From the kanto to Kanto: Gerilya's first gallery exhibition
In November 2011, an artwork featuring three masked Filipino youths in various fighting stances made its overnight debut on a heavily-graffitied wall of the Philcoa overpass in Quezon City. Their faces hidden by t-shirts of Philippine flags that they wore on their heads, the three looked out at passersby, seemingly ready to fight or defend, should the need arise.
One week later, the artwork has been torn to shreds, presumably by well-meaning metro aids.
This did not hinder the appearance of several more similar artworks, however. Paintings of youths in t-shirt masks inspired by the flags of the 17th century Philippine revolutionary society of the Katipunan appeared on different walls and public spaces of the metro. While most have been scrapped off from view faster than they have been pasted on, photos of their sightings have made a perceptible splash on the internet.
Those who saw the works have taken to calling the series "Pinoy Rangers," as a play on words on the popular 90's children's TV show Power Rangers because of the Japanese super sentai-inspired costumed superhero fighting poses that the masked subjects adopted. This was to be the first series of street art by Gerilya to make the jump from public spaces to a gallery exhibit.
Formed in 2008 at the University of the Philippines, Diliman, Gerilya is an artist collective involved in various art-related ventures such as comics, street art, graffiti animation, fine art exhibitions, and illustration commissions. Their work is inspired by Philippine culture and history, exploring socio-political issues and national identity. They seek to make their art as relevant as possible and draw influence from Philippine popular and mass culture.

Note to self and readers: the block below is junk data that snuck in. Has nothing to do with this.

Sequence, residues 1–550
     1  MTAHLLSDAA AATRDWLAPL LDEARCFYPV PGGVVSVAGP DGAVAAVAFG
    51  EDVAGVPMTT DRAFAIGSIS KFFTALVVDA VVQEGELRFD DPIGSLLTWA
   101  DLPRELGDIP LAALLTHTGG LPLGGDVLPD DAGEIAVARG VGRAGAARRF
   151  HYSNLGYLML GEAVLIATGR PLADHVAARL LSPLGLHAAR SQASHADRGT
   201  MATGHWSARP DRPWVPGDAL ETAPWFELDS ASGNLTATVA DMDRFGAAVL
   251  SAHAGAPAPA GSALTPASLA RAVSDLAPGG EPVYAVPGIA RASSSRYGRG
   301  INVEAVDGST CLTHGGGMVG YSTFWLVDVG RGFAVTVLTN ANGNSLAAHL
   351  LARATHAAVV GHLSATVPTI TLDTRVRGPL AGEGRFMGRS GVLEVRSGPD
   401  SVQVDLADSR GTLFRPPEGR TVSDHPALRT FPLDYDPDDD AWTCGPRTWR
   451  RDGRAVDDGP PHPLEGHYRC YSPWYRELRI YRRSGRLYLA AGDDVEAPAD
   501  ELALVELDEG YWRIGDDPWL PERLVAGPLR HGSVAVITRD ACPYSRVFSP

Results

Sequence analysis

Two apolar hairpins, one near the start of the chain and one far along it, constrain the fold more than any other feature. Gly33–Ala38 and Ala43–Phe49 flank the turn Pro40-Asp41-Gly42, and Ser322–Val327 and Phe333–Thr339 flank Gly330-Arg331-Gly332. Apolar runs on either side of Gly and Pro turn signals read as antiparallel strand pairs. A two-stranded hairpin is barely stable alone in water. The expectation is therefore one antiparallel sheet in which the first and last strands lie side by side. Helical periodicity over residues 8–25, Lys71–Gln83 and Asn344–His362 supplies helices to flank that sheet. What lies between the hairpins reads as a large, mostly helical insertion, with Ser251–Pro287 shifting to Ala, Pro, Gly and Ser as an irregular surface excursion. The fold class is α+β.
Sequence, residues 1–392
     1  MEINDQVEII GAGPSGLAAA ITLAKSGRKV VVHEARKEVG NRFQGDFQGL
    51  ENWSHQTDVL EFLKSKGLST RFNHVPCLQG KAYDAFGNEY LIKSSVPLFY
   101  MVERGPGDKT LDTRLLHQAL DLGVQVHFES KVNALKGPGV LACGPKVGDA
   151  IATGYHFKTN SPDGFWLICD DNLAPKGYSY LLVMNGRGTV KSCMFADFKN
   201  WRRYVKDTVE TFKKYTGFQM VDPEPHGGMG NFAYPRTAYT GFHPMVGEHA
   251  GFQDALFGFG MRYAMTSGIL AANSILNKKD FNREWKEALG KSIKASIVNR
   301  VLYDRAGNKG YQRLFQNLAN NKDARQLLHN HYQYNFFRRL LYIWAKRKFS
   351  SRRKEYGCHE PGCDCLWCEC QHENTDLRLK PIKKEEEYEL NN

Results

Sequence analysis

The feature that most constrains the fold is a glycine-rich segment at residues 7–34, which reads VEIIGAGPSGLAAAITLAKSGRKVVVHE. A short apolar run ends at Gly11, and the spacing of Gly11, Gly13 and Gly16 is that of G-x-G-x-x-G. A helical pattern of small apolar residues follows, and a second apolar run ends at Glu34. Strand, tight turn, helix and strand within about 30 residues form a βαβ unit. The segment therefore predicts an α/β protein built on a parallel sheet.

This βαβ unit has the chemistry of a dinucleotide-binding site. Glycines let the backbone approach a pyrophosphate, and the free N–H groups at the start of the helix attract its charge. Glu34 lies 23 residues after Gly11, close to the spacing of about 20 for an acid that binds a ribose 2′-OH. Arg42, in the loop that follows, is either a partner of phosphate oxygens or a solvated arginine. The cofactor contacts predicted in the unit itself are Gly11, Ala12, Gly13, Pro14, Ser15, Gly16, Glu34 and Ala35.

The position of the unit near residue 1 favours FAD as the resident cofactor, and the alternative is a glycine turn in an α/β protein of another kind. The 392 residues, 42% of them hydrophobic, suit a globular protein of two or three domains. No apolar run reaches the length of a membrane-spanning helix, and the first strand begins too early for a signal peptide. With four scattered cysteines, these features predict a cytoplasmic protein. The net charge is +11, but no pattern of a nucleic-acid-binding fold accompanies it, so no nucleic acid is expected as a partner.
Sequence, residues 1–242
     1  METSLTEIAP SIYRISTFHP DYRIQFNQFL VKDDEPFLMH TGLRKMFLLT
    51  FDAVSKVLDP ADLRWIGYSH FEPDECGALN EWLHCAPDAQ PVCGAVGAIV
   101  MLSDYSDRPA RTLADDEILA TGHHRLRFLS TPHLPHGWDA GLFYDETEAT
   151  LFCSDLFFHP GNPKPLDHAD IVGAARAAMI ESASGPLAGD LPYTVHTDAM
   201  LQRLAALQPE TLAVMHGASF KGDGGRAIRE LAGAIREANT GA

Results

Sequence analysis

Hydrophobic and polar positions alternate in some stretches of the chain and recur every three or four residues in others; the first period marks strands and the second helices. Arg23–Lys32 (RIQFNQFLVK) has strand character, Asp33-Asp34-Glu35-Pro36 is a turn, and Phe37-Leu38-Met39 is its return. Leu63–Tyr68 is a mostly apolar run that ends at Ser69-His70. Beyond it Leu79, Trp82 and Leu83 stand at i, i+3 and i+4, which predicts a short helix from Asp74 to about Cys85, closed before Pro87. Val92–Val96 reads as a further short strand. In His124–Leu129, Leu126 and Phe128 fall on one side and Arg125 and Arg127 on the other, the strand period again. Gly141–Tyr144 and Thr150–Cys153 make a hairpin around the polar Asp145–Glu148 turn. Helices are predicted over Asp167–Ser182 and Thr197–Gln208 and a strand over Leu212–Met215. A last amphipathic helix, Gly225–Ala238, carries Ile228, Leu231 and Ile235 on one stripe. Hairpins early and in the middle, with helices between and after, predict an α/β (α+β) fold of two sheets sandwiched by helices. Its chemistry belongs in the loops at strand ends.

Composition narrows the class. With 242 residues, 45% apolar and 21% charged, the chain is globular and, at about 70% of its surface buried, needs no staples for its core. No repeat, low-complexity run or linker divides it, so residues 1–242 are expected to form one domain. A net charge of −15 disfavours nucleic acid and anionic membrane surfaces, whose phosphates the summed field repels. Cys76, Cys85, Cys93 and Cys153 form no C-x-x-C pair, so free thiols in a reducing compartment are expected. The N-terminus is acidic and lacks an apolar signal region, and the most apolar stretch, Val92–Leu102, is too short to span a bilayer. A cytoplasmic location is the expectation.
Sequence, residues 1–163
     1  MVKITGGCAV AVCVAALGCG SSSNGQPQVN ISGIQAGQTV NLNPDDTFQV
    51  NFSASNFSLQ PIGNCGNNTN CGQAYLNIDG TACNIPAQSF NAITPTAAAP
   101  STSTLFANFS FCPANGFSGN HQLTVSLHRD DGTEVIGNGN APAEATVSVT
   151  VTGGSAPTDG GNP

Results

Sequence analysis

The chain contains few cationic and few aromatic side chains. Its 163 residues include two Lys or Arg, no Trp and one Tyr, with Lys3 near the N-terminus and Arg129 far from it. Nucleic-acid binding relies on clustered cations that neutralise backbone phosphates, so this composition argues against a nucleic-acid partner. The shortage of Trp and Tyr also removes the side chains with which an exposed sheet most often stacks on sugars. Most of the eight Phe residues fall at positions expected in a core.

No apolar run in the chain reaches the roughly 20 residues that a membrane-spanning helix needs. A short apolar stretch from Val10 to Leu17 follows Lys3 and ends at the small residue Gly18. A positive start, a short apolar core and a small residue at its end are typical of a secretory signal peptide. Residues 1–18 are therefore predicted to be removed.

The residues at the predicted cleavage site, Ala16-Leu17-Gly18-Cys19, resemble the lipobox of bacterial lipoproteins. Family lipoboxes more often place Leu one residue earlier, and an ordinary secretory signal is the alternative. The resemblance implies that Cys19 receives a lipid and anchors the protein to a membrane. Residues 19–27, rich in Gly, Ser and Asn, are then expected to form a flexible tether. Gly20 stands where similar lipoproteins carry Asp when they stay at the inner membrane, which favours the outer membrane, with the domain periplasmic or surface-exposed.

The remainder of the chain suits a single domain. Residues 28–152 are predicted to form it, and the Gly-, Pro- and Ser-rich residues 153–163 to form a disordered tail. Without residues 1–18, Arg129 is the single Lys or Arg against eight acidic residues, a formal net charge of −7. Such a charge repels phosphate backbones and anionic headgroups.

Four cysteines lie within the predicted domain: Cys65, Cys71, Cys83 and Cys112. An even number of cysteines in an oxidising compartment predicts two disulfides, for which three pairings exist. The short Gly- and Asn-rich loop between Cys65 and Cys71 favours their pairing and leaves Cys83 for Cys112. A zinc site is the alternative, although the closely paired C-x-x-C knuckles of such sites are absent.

In the Pinoy Rangers series, Gerilya drew from their collective experience as children who grew up in the city in the 90's and soaked up popular culture. Merging the iconography of the 17th century flags of the Katipunan and the super sentai fighting stances of the 90's blurs and recreates our idea of what a hero looks like. The t-shirt mask, on the other hand, remains timely and unmistakably Filipino as it is still currently used by farmers and labourers against the elements, and by urban protesters against teargas and to ensure their anonymity.
PINOY RANGERS! Mandirigmang kabataan, tanod ng kasarinlan!
Gerilya's First Exhibition at Kanto Gallery (The Collective 7274 Malugay St. Brgy San Antonio Village, 1203 Makati, Philippines)
Opening Reception/Cocktails: January 28 (Saturday) at 6:00 pm
Exhibit runs from Jan. 26 until Feb. 12
Jonathan See Lim AKA Tie One (1979–1998), was a graffiti artist based in the San Francisco Bay Area. He was well known in the graffiti community for his aggressive style of graffiti art and the large amount of work he produced. Lim was born in the Philippines to ethnic-Chinese parents. During his early childhood, his family moved to California. -pilipinas-streetplan http://pilipinastreetplan.blogspot.com/2009/03/tie-one-19791998-rip.html Saint Patrick’s Day has always been difficult to celebrate because on this day eleven years ago, our friend and soldier Tie, Jonathan See Lim, was murdered in the Tenderloin of San Francisco on Turk and Taylor. A man named William Porter shot him in the back of his head while Tie was begining to climb a rooftop to pain. Of cource the SF police covered it up as a robbery and our 18 year old little buddies death went unvindicated. He was a major influence to us all and his memory will live on in our hearts. - saberone http://saberone.com/blog/2009/